From the September/October 2012 issue of Treasury & Risk magazine

Bronze AHA Winner in Liquidity Management

Adding FX Forecasts to Cash Flow Models: Toyota Financial Services


Toyota Financial Services (TFS) found an innovative way to improve its cash forecasts and finetune its short-term investment portfolio. “We added foreign exchange rate forecasts to our cash-flow models,” explains Nicholas Ro, national manager for sales and trading.

The objective was to estimate future collateral movements based on changes in foreign exchange rate forecasts. In 2011, TFS became the first corporate treasury to perform daily collateral exchanges with zero credit thresholds and same-day settlements with its counterparties. Adjusting collateral daily reduced counterparty risk but increased uncertainty over how much daily liquidity the company needed in its short-term investment portfolio. If the dollar appreciated, TFS would have to send collateral, and if it depreciated, TFS would receive collateral, Ro explains.

The more accurately TFS could anticipate rate changes and build those expectations into its cash forecast, the more cash could be invested instead of being held for daily liquidity, Ro says. TFS has a $100 billion derivatives portfolio with over $20 billion in cross-currency exposure, so the stakes justified the effort.

To forecast currency movements, TFS used Bloomberg’s FX forecasting model and its range-of-future-expectation scenarios. Analysis showed that the Japanese yen, the euro and British pound’s relationships versus the U.S. dollar explained 85% of changes in cross-currency swap valuations. By moving excess liquidity into longer-dated investments, TFS was able to improve its return by 25 basis points and investment income by $10 million, he says.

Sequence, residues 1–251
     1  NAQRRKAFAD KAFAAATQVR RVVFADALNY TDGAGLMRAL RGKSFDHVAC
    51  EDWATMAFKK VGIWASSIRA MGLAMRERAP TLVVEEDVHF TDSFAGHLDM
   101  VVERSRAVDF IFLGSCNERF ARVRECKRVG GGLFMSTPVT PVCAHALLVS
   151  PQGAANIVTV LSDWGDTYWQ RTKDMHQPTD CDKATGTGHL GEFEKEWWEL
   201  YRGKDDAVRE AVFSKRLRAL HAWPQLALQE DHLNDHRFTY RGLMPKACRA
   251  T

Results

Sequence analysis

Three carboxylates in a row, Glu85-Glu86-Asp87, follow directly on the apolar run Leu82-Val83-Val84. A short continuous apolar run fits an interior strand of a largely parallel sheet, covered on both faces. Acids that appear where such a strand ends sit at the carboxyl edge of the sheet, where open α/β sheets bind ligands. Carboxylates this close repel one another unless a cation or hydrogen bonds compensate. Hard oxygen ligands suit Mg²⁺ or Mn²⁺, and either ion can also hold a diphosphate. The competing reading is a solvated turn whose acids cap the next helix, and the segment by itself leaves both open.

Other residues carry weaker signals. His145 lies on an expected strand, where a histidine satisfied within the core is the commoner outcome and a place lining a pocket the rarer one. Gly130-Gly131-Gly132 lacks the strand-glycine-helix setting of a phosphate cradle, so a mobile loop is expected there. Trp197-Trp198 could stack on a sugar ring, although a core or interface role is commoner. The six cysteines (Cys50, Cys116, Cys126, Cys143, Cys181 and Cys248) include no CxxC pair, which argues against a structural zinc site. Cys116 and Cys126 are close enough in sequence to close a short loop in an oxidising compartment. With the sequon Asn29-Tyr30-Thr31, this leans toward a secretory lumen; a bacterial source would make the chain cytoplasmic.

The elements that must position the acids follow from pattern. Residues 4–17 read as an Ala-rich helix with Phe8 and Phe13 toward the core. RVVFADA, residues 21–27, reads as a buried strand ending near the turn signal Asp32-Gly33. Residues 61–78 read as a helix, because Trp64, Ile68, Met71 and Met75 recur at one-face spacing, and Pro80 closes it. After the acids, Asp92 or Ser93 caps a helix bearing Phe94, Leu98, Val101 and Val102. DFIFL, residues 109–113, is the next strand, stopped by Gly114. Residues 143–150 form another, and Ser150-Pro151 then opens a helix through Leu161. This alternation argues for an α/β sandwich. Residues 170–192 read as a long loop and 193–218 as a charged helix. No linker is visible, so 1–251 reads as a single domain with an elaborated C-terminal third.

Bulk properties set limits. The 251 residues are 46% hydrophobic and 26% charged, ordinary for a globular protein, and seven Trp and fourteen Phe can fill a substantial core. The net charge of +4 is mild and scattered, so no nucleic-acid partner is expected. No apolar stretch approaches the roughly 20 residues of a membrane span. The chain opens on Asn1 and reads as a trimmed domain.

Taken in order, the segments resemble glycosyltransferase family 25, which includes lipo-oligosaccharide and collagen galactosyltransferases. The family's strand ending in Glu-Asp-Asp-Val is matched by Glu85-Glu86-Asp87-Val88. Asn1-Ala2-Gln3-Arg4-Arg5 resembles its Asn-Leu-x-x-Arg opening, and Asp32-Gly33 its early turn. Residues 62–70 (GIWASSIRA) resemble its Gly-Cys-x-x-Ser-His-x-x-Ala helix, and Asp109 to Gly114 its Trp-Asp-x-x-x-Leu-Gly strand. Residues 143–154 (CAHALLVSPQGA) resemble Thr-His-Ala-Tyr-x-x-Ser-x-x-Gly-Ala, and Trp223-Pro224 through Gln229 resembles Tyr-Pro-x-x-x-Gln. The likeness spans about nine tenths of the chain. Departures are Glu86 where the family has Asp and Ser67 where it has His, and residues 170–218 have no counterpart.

Previously, TFS treasury gave the investment team bimonthly estimates of collateral movements. Now it provides a daily reading. Marking the portfolio to market daily reduced the potential for large, unexpected cash flows, Ro notes.

“Integrating this new variable into our cash flow models gave us a clearer understanding of how much operating cash was needed to provide adequate liquidity for potential daily collateral movements,” Ro summarizes. “By increasing the reliability of our cash flow estimates, TFS was able to use excess liquidity to invest in core cash investments.”


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